Stages of Alcohol Withdrawal
In the process of trying to achieve sobriety and put alcoholism behind you, you will likely experience symptoms of alcohol withdrawal. Like with other substance abuses, withdrawal can be intense and incredibly trying, it’s why over half of people that try fall into relapse at least once while trying to get out. And while it may always be an internal battle, one can at least achieve vast physical improvements through successful sobriety. Usually, it is through the first thirty days of sobriety that physical symptoms start to finally go away completely, leaving the rest of the fight to alcohol abstinence and continued recovery. Here’s a detailed look at how withdrawal experiences tend to go within those first thirty days:
Day 1 usually begins with just a bad hangover, followed by anxiety and confusion. This is typical of spending a day after a session of heavy alcohol consumption, and the body is only beginning to feel the effects of withdrawal. However, as the day progresses, you may notice having shakes and tremors, your heart rate might skyrocket from time to time, and the anxiety may increase. Come to the end of the day, you may have trouble sleeping and even hallucinate. One of the best ways to combat the first day, which tends to be quite intense, is to consult a doctor and get medication that can help. It’s always best to consult a doctor so that you’re prepared and able to take on withdrawal symptoms as you progress in recovery properly.
Up to Day 5, you might experience auditory and visual hallucinations, continued anxiety and insomnia, along with depression since you haven’t had a drink. And you will also experience intense cravings, your body trying to get you to take even a single drop.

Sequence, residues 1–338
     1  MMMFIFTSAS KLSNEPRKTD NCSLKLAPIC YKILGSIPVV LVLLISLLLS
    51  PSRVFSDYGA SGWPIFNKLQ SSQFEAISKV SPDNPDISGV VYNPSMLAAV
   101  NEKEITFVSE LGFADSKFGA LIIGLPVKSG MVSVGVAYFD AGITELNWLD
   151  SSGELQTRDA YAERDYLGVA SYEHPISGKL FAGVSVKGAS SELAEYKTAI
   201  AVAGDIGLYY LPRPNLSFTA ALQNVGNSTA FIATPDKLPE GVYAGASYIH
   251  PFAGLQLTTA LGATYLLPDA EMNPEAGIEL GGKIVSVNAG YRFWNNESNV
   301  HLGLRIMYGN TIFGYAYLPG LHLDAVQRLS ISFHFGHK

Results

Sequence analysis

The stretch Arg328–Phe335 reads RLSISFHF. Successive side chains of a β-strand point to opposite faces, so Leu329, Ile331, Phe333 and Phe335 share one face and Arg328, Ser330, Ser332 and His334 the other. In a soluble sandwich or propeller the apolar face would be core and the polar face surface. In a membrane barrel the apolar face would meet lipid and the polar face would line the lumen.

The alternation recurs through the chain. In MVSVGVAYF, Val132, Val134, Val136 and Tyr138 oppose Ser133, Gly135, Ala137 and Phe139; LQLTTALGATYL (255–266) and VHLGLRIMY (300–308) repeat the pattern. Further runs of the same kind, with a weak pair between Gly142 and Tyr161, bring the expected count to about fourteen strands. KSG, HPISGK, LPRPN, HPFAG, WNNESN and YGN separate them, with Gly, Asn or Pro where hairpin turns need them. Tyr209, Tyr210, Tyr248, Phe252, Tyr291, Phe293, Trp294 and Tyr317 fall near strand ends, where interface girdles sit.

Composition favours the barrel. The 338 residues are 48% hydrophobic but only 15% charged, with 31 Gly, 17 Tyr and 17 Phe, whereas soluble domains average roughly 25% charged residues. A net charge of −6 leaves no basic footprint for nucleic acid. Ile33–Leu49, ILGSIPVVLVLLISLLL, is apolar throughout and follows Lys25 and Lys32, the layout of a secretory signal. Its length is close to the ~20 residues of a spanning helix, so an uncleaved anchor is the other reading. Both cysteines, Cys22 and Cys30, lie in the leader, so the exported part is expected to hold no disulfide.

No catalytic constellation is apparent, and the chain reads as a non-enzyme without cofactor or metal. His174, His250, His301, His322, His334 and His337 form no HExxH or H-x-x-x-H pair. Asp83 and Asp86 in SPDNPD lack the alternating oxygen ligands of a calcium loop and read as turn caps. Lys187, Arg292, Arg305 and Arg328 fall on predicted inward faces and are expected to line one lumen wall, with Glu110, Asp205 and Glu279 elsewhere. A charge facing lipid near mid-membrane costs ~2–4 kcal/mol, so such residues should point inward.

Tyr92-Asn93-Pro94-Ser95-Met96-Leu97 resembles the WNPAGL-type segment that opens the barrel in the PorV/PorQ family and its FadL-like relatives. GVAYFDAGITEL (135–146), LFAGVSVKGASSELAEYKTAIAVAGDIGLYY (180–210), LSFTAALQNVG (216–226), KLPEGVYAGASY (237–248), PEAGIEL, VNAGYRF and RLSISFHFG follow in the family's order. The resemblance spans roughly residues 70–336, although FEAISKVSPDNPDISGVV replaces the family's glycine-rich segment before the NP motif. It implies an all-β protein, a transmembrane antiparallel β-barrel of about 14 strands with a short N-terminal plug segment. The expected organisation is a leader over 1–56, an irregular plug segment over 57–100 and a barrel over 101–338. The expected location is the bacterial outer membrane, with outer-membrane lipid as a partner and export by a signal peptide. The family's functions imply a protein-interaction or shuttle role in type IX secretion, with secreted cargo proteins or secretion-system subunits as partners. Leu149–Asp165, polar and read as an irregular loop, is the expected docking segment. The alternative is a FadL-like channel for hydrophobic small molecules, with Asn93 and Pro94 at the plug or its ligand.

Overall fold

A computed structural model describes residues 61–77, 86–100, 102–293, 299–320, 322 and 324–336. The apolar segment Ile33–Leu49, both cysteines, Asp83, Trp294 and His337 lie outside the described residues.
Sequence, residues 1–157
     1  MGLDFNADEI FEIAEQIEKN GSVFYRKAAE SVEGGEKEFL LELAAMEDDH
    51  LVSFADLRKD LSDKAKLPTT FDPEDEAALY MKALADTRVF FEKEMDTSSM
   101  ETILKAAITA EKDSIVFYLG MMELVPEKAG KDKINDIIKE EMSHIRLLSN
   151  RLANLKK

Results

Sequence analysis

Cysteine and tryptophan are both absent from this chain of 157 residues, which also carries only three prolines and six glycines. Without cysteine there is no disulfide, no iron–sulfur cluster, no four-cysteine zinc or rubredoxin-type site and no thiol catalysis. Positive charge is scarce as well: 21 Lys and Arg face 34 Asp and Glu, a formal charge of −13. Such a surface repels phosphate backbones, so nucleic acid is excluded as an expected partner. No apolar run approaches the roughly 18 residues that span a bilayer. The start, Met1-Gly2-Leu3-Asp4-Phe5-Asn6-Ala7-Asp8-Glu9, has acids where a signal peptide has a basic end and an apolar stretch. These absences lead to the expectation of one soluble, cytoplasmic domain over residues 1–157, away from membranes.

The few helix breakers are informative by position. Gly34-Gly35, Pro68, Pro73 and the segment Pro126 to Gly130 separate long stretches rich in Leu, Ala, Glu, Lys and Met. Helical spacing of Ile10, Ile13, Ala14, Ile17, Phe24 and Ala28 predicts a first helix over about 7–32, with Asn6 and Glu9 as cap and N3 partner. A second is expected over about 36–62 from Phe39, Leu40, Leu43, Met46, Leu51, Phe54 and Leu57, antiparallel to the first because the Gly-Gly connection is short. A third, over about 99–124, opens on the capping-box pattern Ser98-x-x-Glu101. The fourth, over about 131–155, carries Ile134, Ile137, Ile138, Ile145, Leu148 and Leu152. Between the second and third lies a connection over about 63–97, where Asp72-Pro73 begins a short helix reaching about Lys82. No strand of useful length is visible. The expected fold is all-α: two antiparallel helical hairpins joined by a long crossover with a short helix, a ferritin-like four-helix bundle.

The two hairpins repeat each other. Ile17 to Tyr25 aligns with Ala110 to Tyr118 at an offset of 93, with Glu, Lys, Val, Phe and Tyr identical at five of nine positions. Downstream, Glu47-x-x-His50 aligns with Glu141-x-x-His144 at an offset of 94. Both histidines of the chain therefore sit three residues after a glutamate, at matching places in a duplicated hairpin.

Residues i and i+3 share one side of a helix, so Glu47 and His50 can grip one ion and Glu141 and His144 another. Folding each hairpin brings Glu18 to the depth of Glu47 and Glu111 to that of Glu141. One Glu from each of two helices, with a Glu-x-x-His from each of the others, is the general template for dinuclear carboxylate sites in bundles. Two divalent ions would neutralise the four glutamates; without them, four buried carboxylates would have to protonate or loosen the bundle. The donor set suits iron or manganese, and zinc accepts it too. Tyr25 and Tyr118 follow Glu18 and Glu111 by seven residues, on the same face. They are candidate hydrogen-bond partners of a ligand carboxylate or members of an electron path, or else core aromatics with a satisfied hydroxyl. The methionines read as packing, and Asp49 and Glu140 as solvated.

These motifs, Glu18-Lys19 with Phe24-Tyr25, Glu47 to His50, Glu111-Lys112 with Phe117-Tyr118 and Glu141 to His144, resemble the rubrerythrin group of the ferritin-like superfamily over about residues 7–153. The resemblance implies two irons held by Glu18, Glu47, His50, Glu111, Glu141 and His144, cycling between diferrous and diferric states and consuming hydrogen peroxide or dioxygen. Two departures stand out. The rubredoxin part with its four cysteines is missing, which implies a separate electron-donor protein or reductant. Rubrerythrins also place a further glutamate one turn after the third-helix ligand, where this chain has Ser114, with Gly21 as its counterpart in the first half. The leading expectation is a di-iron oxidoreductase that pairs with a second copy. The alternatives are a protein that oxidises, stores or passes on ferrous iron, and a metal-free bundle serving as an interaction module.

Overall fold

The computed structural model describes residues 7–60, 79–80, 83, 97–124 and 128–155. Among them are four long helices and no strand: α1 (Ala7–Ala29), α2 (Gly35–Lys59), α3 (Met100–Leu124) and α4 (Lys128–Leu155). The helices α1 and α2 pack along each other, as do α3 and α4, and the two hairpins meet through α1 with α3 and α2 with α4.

From Day 6 to Day 8, intense cravings, depression, anxiety, and insomnia will likely continue, though they may subside by some degree. Headaches may happen from time to time, and temptations to drink will continue to dog you for the duration.
From Day 9 to 14, you will finally begin to experience a vast improvement in both body and mind. While the cravings will remain, your headaches and anxiety will start to subside the closer you near the 2-week mark. Your appetite might also begin to stabilize as you may have been experienced stomach problems up to this point. And your sleep will start to stabilize as well. This is an essential point in your sobriety journey as you will finally start to feel for yourself how good it is to be sober again.
From week 3 to 4, you will start to notice fewer cravings (though those cravings may be few and far, they can be anywhere from nagging to intense), your body may begin to look healthier, you may start to feel happier, and you might even start losing weight as your body is achieving a better balance within.
Finally, by day 30, your physical symptoms should’ve gone almost completely. Your cravings will have reduced even further, your body will continue to reach a healthier state, and most of the work now will be maintaining your sobriety as well as making an effort to stay away from temptation.
This doesn’t mean that the cravings and the risk will go away. It may still linger in you for years and years, if not for the rest of your life. But with discipline and good self-care, you can make sure that you don’t relapse and remain sober for the rest of your days, living a better and healthier life.